Thanks to the photographic output of a small squadron of interplanetary spacecraft, we have awakened to the beauty and splendor of the solar system. Since Michael Benson’s masterful book Beyond: Visions of the Interplanetary Probes, new, more powerful cameras in probes with greatly improved maneuverability have traversed the wheeling satellites of Jupiter; roamed the boulder-strewn red deserts of Mars; studied Saturn’s immaculate rings; and shown us our own ravishing Earth, a blue-white orb with a disturbingly thin atmosphere, as it plunges deeper into ecological crisis. These new images are the subject of Benson’s Planetfall, a truly revelatory book that uses its large page size to reproduce the greatest achievements in contemporary planetary photography as never before.
Praise for Planetfall:
“This is the way I like to tour the solar system. Find a chair. Sit. Turn some pages. Gaze. Wonder.” —NPR.com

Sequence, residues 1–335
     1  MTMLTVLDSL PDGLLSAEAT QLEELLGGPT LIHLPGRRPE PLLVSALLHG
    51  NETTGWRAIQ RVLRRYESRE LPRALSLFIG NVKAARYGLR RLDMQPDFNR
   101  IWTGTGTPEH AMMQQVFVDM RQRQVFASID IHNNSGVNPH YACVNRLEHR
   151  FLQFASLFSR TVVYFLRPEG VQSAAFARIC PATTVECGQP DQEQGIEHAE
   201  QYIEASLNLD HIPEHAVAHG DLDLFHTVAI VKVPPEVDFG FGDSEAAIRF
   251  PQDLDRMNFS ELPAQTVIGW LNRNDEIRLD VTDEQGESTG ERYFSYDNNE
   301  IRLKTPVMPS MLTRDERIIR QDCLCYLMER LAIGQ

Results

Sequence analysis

“Beautiful interplanetary images.” —MSNBC.com
“Beautiful visions of what’s out there.” —The Huffington Post
“To encounter a Benson landscape is to be in awe of not only how he sees the universe, but also the ways in which he composes the never-ending celestial ballet.” —Time.com
About the Author
Michael Benson, a writer, filmmaker, and photographer, is widely recognized as one of the world’s leading authorities on astronomical imagery. His book Far Out: A Space-Time Chronicle was heralded in the New York Times as an extraordinary achievement: “If you don’t have your own Hubble Space Telescope, this book is the next best thing.” He lives in New York City.